I feel like every step in a hotel brings me to another situation where somebody expects a tip. My money is far from unlimited, so I want to make sure I’m shelling it out where I should be, and saving it for the mini bar wherever I can. Rose gave me some more insight into the workings and expectations of a hotel:
- Doorman: $1 to $2 for hailing a cab, and $1 to $4 for going beyond your expectations
- Bellhop: $2 for first bag carried to your room, $1 per additional bag
- Housekeeper: It’s nice to leave $5 or so at the end of your stay. “Chances are, the same staff has been cleaning up your mess the whole time you’ve been there,” Rose says.
- Concierge: Post specifies that a concierge should be tipped $5 for tickets or reservations ($10 if they’re especially hard to get), but that there’s no need to tip for answering questions.
- Front desk: Nothing
- Room service: 10 to 15 percent of total. Many hotels add the gratuity to your bill automatically, so be sure to check your bill.
Food and drink
One tipping situation that I am totally confident in is restaurants: I know it’s 15 to 20 percent. But, of course, there are grey areas even when dining out. There are the fancy spots—with extra staff to help you pick out your wine, store your coat, and even wash your hands. Then there are the partial-service spots, where you do most of the work. Michelle James, a former coffee shop and partial-service restaurant employee, chatted with me about it—from takeout to the mysterious tip jar.
- Barista: “As a barista you don’t expect much,” she says. “It’s definitely not considered cheap to toss your change into the tip jar.” But, if you’re a regular who the barista takes special care of, James says you’ve gotta show the love sometimes. “You don’t have to every time, but a little something every once in a while is definitely noticed and appreciated.”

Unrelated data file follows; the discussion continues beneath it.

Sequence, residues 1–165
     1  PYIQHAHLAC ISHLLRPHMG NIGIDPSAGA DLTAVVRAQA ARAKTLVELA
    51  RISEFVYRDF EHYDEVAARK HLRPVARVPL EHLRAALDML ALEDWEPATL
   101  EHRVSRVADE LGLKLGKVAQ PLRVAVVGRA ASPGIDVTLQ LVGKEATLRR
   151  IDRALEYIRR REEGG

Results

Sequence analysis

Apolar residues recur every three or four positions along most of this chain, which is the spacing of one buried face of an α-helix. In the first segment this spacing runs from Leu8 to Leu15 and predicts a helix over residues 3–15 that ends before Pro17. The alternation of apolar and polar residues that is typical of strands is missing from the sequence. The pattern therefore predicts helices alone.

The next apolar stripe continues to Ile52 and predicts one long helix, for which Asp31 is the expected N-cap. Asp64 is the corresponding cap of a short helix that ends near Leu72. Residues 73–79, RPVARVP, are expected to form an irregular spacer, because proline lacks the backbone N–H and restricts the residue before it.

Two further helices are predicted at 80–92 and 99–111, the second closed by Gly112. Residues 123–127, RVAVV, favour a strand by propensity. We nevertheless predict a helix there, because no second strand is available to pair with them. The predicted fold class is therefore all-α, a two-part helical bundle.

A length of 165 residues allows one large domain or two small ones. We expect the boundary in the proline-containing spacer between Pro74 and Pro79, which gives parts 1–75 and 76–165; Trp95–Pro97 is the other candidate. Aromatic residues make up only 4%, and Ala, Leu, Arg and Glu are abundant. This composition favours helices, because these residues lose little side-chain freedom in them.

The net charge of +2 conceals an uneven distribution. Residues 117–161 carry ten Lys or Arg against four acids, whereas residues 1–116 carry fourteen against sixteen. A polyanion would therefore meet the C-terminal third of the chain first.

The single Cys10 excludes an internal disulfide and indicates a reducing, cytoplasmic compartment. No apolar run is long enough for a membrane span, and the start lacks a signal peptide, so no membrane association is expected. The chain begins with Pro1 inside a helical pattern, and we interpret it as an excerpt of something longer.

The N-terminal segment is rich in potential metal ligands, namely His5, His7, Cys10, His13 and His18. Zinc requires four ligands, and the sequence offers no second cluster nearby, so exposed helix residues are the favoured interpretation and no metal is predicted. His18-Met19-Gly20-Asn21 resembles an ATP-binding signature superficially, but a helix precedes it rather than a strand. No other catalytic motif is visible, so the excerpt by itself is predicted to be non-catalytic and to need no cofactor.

- Restaurant host: Nothing, unless they’ve done you a special favor, like saved you that awesome table by the window, in which case the tip should reflect the trouble they took to perform the favor.
- Busser: Nothing. In most places, waiters are expected to pool their tips with the bussers. Anything you leave on the table will be assumed to be for the waiter, who will then (hopefully) share the wealth at the end of the night.
- Sommelier: 15 to 20 percent of wine expenditure
- Bartender: If we’re talking a few drinks, $1 to $2 per drink will work. If you’ve racked up a whole tab, go with 15 to 20 percent of that pre-tax total.
- Coat check: $1 per coat
- Washroom attendant: $0.50 to $3, depending on service
- Partial service restaurant: “Don’t leave 10 to 15 percent,” says James. “It just goes into a pool, split by everyone working there. Just leave whatever the service is worth to you—anything from a few bucks to 10 percent is good.”
- Home food delivery: 10 to 15 percent, at your discretion
- Take-out: Emily Post says there’s no obligation, unless the person who prepared your meal went above normal service expectations. If so, anywhere up to 10 percent is appropriate.
Related: The refined rules of wedding gift etiquette
If I’m already paying a caterer thousands to wow my guests with salmon and garlic mashed potatoes, should I also tip her a percentage of what I’m paying? What about wedding planners and officiators?